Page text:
What kind of graphics card?
eeweir at bellsouth.net
Wed Jun 4 16:41:35 BST 2008
On 6/1/2008 Brian Pitts wrote:
> How much memory do you have now and how much did you temporarily try?
> You said you are using your motherboards integrated graphics now,
> right? Do you know what driver it uses and how much of your system's
> RAM it borrows?
I have 512 Mb. Tried 2 Gb. I have very little information on the mother
board. I know the name -- Amptron 925 ATX. It's old -- my machine was
made in 2002. I don't have the manual. I don't know how to check
otherwise on the answers to the questions you ask. Talking with the shop
that made it yesterday I learned that I bought the cheapest system they
made. The motherboard was bottom of the line then.
That said, there have been further developments that may throw some
light on what's going on, or may just muddy the waters further.
Yesterday, on the first two attempts, my system failed to boot. The
bottom line of the message I got, which I wrote down, was, "No space
left on device." On the third try, it did boot. As previously,
everything is glacially slow.
Today the boot process stopped while underway. The the characters on the
screen was a statement to the effect that if I did a "control-d" boot
would resume. I did control-d and the system finished booting. I ran the
partition editor. It showed that almost all the partition on which the
os is installed was used up: 7.5 Gb total, 3.5 Mb available. I just ran
it a second time. Now it's showing 2.4 Gb available. In either case, why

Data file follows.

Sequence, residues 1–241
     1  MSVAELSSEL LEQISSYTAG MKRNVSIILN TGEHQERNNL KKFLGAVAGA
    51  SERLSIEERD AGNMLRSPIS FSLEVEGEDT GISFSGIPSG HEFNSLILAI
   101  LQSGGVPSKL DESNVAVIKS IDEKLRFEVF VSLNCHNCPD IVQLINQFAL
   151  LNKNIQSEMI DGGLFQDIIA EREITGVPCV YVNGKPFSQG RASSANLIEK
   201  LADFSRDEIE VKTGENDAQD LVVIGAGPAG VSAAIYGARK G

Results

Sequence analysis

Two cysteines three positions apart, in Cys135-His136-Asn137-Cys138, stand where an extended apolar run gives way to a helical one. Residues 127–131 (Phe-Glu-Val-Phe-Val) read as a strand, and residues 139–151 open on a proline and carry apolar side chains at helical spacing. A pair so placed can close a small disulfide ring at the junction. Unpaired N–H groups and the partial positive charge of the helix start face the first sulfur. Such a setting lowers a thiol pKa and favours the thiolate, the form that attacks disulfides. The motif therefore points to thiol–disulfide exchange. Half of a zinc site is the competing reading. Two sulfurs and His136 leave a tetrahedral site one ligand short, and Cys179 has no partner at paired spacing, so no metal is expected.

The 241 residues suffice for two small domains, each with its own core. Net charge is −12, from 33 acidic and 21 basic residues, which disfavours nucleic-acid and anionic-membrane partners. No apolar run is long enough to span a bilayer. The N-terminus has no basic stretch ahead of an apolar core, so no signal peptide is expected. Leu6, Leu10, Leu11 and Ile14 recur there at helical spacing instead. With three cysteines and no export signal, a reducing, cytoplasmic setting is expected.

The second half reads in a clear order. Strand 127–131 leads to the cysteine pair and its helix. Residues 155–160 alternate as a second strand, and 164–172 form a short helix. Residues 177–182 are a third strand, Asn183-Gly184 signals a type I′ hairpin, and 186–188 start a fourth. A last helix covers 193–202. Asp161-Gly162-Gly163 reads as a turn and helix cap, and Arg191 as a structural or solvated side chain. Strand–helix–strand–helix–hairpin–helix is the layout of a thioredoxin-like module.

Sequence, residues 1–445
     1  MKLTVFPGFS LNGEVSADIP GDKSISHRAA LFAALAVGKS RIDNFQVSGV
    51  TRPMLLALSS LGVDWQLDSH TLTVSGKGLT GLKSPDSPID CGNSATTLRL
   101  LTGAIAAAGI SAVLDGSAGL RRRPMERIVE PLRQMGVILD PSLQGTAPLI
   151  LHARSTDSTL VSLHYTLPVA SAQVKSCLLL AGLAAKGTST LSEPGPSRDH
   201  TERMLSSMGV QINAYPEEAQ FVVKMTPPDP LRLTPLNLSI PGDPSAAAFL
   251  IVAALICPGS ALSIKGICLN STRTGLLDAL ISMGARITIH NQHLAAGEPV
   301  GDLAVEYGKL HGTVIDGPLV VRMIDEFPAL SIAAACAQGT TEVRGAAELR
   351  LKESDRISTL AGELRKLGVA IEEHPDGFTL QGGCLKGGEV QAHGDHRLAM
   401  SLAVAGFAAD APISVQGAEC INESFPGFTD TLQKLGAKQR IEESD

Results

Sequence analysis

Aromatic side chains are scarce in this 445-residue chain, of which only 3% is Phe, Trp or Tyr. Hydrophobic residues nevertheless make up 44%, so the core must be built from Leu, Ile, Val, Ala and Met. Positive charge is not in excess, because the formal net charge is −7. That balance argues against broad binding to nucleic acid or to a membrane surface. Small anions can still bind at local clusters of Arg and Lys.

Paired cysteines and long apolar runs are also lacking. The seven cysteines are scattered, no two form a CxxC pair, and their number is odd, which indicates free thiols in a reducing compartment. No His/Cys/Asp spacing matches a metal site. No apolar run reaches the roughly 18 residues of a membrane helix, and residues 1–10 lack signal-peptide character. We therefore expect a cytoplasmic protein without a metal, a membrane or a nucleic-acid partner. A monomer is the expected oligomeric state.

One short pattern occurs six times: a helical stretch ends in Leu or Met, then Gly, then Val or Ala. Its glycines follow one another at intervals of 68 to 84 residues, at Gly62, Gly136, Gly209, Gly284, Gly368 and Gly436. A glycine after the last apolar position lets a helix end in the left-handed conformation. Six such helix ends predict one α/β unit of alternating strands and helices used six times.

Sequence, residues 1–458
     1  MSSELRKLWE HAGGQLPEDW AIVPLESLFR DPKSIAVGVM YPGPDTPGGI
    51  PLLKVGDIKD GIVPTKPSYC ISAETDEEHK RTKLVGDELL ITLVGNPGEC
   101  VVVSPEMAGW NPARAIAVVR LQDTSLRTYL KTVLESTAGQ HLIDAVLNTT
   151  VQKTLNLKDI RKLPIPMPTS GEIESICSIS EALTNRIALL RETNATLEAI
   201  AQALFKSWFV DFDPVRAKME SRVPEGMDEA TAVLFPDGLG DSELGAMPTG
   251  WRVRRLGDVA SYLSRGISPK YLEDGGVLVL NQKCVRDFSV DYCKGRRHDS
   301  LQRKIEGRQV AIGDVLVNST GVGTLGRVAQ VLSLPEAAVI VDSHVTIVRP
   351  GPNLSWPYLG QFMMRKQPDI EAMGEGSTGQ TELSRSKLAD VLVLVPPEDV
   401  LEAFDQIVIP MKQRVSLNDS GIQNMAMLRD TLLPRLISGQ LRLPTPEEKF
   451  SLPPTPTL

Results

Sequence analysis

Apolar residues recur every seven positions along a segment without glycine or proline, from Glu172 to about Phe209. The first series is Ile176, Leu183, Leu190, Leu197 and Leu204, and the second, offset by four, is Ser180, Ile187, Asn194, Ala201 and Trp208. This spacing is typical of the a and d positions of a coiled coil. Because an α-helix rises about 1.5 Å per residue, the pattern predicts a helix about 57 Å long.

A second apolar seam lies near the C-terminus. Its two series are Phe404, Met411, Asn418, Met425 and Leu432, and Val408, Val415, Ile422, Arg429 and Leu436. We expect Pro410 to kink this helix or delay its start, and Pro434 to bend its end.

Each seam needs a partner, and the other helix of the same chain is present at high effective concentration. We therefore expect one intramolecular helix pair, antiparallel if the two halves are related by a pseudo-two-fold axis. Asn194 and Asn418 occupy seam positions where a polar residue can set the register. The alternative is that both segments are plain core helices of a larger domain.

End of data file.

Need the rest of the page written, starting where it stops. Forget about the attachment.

would Xubuntu be taking up that much diskspace? I haven't installed
much/any extra software.
I have been trying to download the live CD for LinuxMint, but the system
won't allow it. Says there's not enough memory to save in /temp. [I
don't want to save. I want to write to a CD.]
Unrelated, but of concern to me, a second hard drive, which appears as
mounted in the fstab file, does not show up on the partition editor. And
I can't read it with my file manager.
It's beginning to appear that my hardware is all screwed up. I am at a
turning point. My intention was to see if I could get a decent
installation of Linux running on this ancient system. If I could. If I
could demonstrate to myself that I can get a system set up, that I don't
continually have to be tinkering with, I'd go out and by a new machine
and put Linux on it. Otherwise, I'd go out and get me an iMac.
I am torn. The open-source idea and community are extremely appealing.
I've convinced myself, through my own experience and what I've seen of
others' systems, that the Linux route is definitely appealing.But I'm
tired of fiddling. I don't want to have to be continually doing this.I
want to use the system, not continually be working on it, especially
since my experience and understanding are limited.
If I thought I'd have more success with a new machine -- even really
good ones are not that expensive anymore -- I'd go out and buy one
today. Given the problems I've had with Linux on this machine, I'm not
confident that that would be the case.
Forgive what I know must be coming across as an ignoramus' rant. Any
wisdom would be appreciated nevertheless.
> My preferences are Intel > ATI (now owned by AMD) > Nvidia.
> Compare ATI/AMD's open source strategy  to nvidia's .
>  http://www.phoronix.com/scan.php?page=article&item=826 
I've skimmed them enough to have a sense of what you're talking about.
I've printed them out and will read them more carefully. I was under the
impression that nvidia was more accommodating of Linux/open-source. Now
I understand that that was with proprietary drivers that actually had
I appreciate your trying to help when I can't be of much help in helping
you be of help.
Decatur, GA USA
eeweir at bellsouth.net
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